The novel itself forms the outermost position of abstraction. The whole text encompasses all the stories, plus the threading narrative of Billy Parham. The teller, McCarthy, and all the stories are distanced by all possible factors: distance, time, and reality. The abstraction of the novel rests also on the nature of the larger ideas. An idea, according to Moffett, becomes more abstract as the ideas upon which it is built become more abstract (22). As McCarthy builds the text on an increasing hierarchy of abstraction, the text itself becomes the highest abstraction. The system of abstraction within the novel, then, works both laterally and vertically. As the individual stories move outward in concentric rings from a least abstract center (wolf-trapper) to a most abstract outer ring (gypsy), the text moves upward on the layers, reaching a higher plateau of abstraction with each successive lateral move of the rings. The result is a complex hierarchical system of story and teller, built upon increasing distances between the two.

Increasing distance between teller and subject does nothing to eliminate the inherent need of the one for the other, however. McCarthy discusses this symbiotic relationship at length within the context of the teller and story itself. Moffett states that within the context of the narrative we cannot distinguish the teller of the story from the story itself (122), or as Yeats puts it, "How can we know the dancer from the dance?" Similarly, McCarthy states in the priest's discussion that "the tale has no abode or place of being except in the telling only and there it lives and makes its home" (143). The teller and tale are necessarily inseparable. No tale is told without a teller. If the teller has no tale, he cannot tell.

These two elements, though, cannot exist alone. The symbiotic relationship extends beyond the teller and the tale to encompass the listener/reader, as well. A telling presupposes a listening. Nothing is told if no one hears. Again the theories provide some insight into the priest's segment. Apparently, the priest "talk[s] to himself in the absence of any godsent ear from the outer world" (143). As a teller, his tale goes on in the absence of any listener, but for nought. It is not heard. A tree indeed makes a sound if it falls in the forest when no one is around, but for what end? A sound is only truly a sound in its being heard. A story told without an audience may as well be a lonely tree in a very quiet forest.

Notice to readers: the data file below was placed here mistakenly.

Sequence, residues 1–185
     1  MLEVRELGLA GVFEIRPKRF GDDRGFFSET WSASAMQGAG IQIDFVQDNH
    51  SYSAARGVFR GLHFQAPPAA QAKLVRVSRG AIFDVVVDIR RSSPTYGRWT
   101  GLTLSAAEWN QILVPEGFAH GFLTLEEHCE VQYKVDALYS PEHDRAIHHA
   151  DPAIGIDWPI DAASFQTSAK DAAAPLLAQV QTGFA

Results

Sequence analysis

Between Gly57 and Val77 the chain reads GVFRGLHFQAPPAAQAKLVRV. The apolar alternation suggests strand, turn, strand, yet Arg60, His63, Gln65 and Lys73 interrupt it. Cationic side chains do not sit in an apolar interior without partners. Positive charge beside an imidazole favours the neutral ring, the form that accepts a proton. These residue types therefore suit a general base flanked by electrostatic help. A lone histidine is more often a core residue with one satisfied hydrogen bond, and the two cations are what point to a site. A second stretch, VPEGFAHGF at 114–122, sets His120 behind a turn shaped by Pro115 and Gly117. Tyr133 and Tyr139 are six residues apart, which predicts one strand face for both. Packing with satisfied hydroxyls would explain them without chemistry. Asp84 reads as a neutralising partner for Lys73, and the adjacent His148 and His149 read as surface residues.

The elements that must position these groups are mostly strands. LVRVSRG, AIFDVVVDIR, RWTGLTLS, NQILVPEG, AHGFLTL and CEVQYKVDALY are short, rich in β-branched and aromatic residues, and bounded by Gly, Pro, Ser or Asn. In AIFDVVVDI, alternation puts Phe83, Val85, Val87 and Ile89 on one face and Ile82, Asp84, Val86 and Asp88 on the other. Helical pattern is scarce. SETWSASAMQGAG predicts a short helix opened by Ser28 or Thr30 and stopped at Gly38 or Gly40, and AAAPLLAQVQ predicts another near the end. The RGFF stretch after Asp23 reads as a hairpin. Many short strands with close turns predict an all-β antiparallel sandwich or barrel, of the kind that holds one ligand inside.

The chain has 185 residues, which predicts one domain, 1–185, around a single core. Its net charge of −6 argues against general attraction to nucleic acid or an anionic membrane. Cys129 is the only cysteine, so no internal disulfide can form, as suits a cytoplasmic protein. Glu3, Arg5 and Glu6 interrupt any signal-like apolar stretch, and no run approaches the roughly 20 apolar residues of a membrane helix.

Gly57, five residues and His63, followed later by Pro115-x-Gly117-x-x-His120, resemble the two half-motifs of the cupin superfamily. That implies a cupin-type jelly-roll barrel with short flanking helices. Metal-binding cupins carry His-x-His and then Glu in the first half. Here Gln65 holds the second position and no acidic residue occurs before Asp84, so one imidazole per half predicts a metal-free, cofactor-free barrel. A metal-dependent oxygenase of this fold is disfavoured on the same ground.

In the context of The Crossing, two listeners are always present: Billy Parham and the reader. As Billy Parham completes the smaller discourse triangles within the book, the reader completes the larger triangle of McCarthy's telling. This completion, then, sustains or perhaps even creates the world. The blind man tells Parham that what is material and what is real are not the same, distinguishing the two by saying, "Because what can be touched falls into dust there can be no mistaking these things for the real" (294). The priest states, "Things separate from their stories have no meaning" (142). Even the gypsy, a character not held to the truth, agrees that an artifact has "no meaning except in its history" (405). Reality, then, is dependent upon the telling of the story, not the physical presence or action of the material world. Both Moffett and McCarthy hold that the world does not exist outside of its telling. The only way we can relate to or understand the world is through language. Reality is simply what we can put a name to. Moffett states that "the great on-going panorama of life does not speak at all--not until some human tongue begins to wag" (122). The priest gives voice to McCarthy as he explains, "For this world also which seems to us a thing of stone and flower and blood is not a thing at all but is a tale" (143) and "The events of the world can have no separate life from the world" (148). The world, then, only appears to be animal, vegetable, and mineral. Reality, though, is only what the teller makes it. And it is the telling, the combination of the teller, the tale, and the listener that truly form reality in any knowable sense.

Stories are people's realities; the world, simply the construct of any story. Any story, though, is all stories, according to McCarthy. Again giving voice to discourse theory, the priest declares, "Each tale [is] the sum of all lesser tales and yet these also are the self same tale and contain as well all else within them" (143). All the separate stories within The Crossing become part of the larger narrative (and the larger narrative becomes part of the smaller stories). At the point at which Billy Parham comes in contact with the tellers, he becomes a part of their stories and vice versa. No tale can exist in the world without being connected to another tale.